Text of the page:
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SONIC REDUCER Something wicked this way came, right in the middle of last week's spate of strangely beautiful, beastly hot days, as I sipped a pint on El Rio's back patio with Comets on Fire vocalist-guitarist Ethan Miller. You can bet — with 6/6/06 plastered all over town, prophesizing an ominously large marketing onslaught for The Omen — that wickedness probably involved horror movies. And you'll be right. Because Miller is happy to talk about the fruits of Howlin' Rain, a solo project aided and abetted by Sunburned Hand of the Man's John Moloney and childhood Humboldt County pal Ian Gradek. But Miller gets really "fanned out" when the subject of mind-gouging, low-budg cinematic howlers like his all-time faves — Texas Chainsaw Massacre, The Beyond, Maniac, Suspiria — come up. I can dig it, but do all rockers really bond over the joy of having their eyeballs violated?
"My wife doesn't want to watch it with me," he says jovially. "I'm, like, 'Babe, I just got my copy of Cannibal Holocaust in the mail! And she's just, like, 'No! Fuck that! No! No! You have to watch that after I go to bed.’
"I had this one friend, I thought he and I had the same taste, and he just wasn't really speaking up, and I kept giving him films to watch, and he was, like, 'Dude, I told you. I hate that. That was fucking traumatizing.’”
For all his movie-collector madness, Miller can be reasoned with — and likewise is perfectly reasonable. The Comets’ de facto leader and cofounder tells me their fourth full-length, Avatar (Sub Pop), is ready to go after what sounds like a grueling but fully democratic process recording with Tim Green at Prairie Sun in Cotati. "It's hard to know if you're in control of the macro-organism or if it's in control of you," Miller muses. "Like a minidemocracy, you can't steer it more than your one-fifth influence. These are real social people wed to each other through their art and music and now through a band."
The Howlin' Rain project, meanwhile, was quick and dirty, spat out in about eight days, and driven solely by Miller, relying on two trustworthy friends from far-flung parts of the country, with Moloney in Massachusetts and Gradek in Kauai.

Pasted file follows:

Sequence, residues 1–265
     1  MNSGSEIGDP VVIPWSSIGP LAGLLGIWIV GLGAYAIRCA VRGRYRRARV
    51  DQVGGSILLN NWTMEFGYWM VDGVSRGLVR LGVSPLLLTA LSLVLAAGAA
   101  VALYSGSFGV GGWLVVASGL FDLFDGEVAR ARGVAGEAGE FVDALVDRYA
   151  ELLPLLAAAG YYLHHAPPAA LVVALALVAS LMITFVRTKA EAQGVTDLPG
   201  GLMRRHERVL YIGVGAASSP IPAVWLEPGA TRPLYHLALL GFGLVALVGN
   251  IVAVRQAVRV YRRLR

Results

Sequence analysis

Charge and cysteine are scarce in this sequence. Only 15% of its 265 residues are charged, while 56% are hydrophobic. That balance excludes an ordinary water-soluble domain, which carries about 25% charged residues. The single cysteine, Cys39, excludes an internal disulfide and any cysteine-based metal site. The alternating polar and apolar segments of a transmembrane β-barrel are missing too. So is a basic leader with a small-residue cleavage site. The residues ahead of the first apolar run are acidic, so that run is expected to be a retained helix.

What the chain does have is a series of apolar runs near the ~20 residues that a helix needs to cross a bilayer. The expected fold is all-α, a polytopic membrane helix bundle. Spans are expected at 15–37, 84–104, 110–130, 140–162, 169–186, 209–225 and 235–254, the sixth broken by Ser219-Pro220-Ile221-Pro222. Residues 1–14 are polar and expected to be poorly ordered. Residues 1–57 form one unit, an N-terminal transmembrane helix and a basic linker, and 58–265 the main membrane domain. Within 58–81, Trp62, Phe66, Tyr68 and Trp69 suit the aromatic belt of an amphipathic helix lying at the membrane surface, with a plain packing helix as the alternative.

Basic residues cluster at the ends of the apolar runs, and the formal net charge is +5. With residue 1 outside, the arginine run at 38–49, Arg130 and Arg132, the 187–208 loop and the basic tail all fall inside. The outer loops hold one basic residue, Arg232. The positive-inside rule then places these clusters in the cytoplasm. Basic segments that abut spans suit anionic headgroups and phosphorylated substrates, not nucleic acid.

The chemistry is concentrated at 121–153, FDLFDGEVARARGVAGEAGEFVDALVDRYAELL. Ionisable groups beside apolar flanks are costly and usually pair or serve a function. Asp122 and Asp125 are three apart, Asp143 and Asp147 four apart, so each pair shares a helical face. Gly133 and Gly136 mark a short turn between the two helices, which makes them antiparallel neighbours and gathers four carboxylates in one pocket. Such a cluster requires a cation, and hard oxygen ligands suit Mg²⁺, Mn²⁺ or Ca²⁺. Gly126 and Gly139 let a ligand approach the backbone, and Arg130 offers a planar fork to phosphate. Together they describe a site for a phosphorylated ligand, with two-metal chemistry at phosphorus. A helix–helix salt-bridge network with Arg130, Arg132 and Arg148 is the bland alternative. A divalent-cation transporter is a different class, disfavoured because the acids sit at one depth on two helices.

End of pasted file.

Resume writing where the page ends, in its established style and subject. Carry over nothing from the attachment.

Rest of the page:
Dust demons of fuzz and growling guitar tone still crop up, but here Miller has conjured his own ’06 version of early-’70s "mellow gold" rock ’n’ roll, pulling from the Allman Brothers, Cream, Creedence Clearwater Revival, and Neil Young without resorting to outright ... cannibalism.
"I tried to pack it full of the psych you could have from this vantage point right now," he says. "Not make a record that's, like, 'Fuck, that sounds just like Sabbath. I mean, just like Sabbath.’”
Keep your bloody Sabbath — instead a laid-back, sun-swept blues-rock vibe, edged with moments of darkness, comes in as clear as a rushing river. You can hear Miller's relatively effects-free voice, for once not screaming over the maelstrom as if flesh were being ripped from his bones, cushioned by the occasional harmony, which he describes as "Simon and Garfunkel on a bad trip or something."
Nonetheless, Miller isn't ready to forsake the power jams of yore. He sees Howlin' Rain and Comets as populist entertainments, much like those beloved horror films. "The best ones succeed in an absolute emotional manipulation that's kind of a ride, like listening to Queen or Mahavishnu Orchestra, music that's made for an absolute thrill ride. It's just so dense and thrilling, and they don't make you sit around waiting for something to happen. Though maybe Mahavishnu wouldn't appreciate that because their shit is supposed to be more spiritual ..."
Stinky no more What's it like growing up rock? Ask XBXRX, or Gaviotas's Simon Timony, who had his share of alterna-cool attention at a very young age: The 22-year-old San Franciscan led the Stinkypuffs — which included his onetime stepfather Jad Fair of Half Japanese, his mother Sheenah Fair, Gumball's Don Fleming, and Lee Ranaldo's son Cody Linn Ranaldo. Fronting and writing for the most notable child-centered supergroup of the early-’90s alt-rock scene, Timony learned guitar from family friend Snakefinger, was home-schooled by his parents, who ran Ralph Records (his father Tom was in the Residents), and eventually befriended Nirvana when Half Japanese opened for them during the In Utero tour. "I was actually trusted to go wake up Kurt before a show," Timony says wonderingly today.
After notably performing with Krist Novoselic and Dave Grohl, together for the first time after Cobain's suicide, at the 1994 Yo Yo a Go Go fest in Olympia, Wash., Timony grew disillusioned with music at around age 13. But he picked up his moldy guitar again after discovering Korn and now he's making Gaviotas his full-time job. He performs at a suicide-prevention benefit May 31. "My dad and my mom were, like, 'If this is what you want to do ...,’” Timony explains. “‘As long as you don't suck!’ My dad is a very honest person — too honest sometimes." SFBG
Thurs/1, 6 p.m.
1855 Haight, SF
Also with Citay and Sic Alps
Sat/3, 9:30 p.m.
1131 Polk, SF
Gaviotas with Crowing and Habitforming
Wed/31, 9 p.m.
Annie's Social Club
917 Folsom, SF
Play nice with Chloe and Asya, those übertalented but otherwise normal preteens in Seattle's Smoosh. Their new album, Free to Stay, is here to stay June 6. Eels headline. Wed/31, 8 p.m., Fillmore, 1805 Geary, SF. $25. (415) 346-6000.
Frontperson John lays down his Foucault — and likely won't set himself on fire — for a few choice shows celebrating the release of Scrape the Walls (Alternative Tentacles). Fri/2, 10 p.m., Annie's Social Club, 917 Folsom, SF. $7. (415) 974-1585; June 9, 8 p.m., 924 Gilman, Berk. $5. (510) 525-9926, www.924gilman.org .